the end of cartographic information or just the beginning?

OK, here's something that confuses me.

There are two grand theories out there right now that relate to maps and cartographic information. You've heard of both of them, but I've never seen them compared. They promise almost exactly opposite results.

The first and most trendy is the so-called "long tail" of information. Adena's recent article summarizes it well:

The "long tail" coined by Chris Anderson (editor of Wired, who followed up with an article in that publication recently and published a book by that name this week, which was referenced in The New York Times) refers to the phenomenon whereby there's lots of demand for a few popular products (movies, books, albums/songs) and hence they produce a lot of revenue for companies (NetFlix, Amazon, iTunes), but there's little demand for lots of other similar products. For example, many people are going to want to rent Stephen Spielberg's Munich (like my brother and my parents and others), but only a few will want to rent Running on the Sun, about a long race through the desert (like me and other crazies who think that's interesting/fun).

So, Blockbuster will make a lot from Munich and other "blockbusters." It'll make less from Running on the Sun, but… and this is the key thing… it doesn't cost Blockbuster (NetFlix, Amazon, fill in your favorite Business 2.0 company here) that much to stock those films that are in "less demand." In fact, by making available all of those "long tail" films for a long time and serving them to the few who want to see them, it can make a pretty penny.
(Actually the key idea here isn't so new; it was invented by the economist Pareto in 1906, you can read about him in Wikipedia here. His principle is more commonly known as the 80:20 rule or the Pareto law.)

On the other hand we have an even more trendy idea known as "globalization." As it relates to maps and mapping, globalization will reduce the choices that we have through corporate integration, the replacement of smaller, diverse stores with gloobally international ones, and the homogenization of world culture. This was recently discussed in the context of WalMart in last month's Harper's (available online here). The author, Barry C. Lynn, argues that Walmart is a latter-day Standard Oil. A staggering 1 in 5 of every retail purchase in America is done at a Walmart's, and they delibaretely and successfully reduce choice:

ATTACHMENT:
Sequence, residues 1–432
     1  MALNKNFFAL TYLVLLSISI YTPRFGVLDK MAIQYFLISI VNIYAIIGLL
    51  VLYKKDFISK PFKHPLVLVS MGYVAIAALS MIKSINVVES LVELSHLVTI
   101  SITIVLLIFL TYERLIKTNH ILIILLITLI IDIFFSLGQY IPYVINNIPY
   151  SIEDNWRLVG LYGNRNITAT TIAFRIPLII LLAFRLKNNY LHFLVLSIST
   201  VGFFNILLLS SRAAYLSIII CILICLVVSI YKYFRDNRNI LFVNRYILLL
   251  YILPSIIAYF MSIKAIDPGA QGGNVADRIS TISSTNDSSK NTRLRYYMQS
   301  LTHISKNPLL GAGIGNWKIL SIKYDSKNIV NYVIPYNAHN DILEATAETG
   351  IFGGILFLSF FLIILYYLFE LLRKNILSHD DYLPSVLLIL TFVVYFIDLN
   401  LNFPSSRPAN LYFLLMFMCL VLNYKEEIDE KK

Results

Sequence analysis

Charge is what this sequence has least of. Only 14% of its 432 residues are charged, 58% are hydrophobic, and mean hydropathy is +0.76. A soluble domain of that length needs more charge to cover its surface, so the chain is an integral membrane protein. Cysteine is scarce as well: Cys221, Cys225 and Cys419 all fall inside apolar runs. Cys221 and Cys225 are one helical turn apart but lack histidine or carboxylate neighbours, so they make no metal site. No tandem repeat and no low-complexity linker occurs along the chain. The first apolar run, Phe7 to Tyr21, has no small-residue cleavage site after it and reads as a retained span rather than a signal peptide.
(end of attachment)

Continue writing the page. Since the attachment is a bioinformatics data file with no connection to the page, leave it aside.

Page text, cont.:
The idea that Wal-Mart's power actually subverts the functioning of the free market will seem shocking to some. After all, the firm rose to dominance in the same way that many thousands of other companies before it did -- through smart innovation, a unique culture, and a focus on serving the customer. Even a decade ago, Americans could fairly conclude that, in most respects, Wal-Mart's rise had been good for the nation. But the issue before us is not how Wal-Mart grew to scale but how Wal-Mart uses its power today and will use it tomorrow. The problem is that Wal-Mart, like other monopsonists, does not participate in the market so much as use its power to micromanage the market, carefully coordinating the actions of thousands of firms from a position above the market.
So on the one hand the long tail will provide us with tons of choice and different types of maps, and mappings, while on the other globalization will do exactly the opposite. Which is the real story here?

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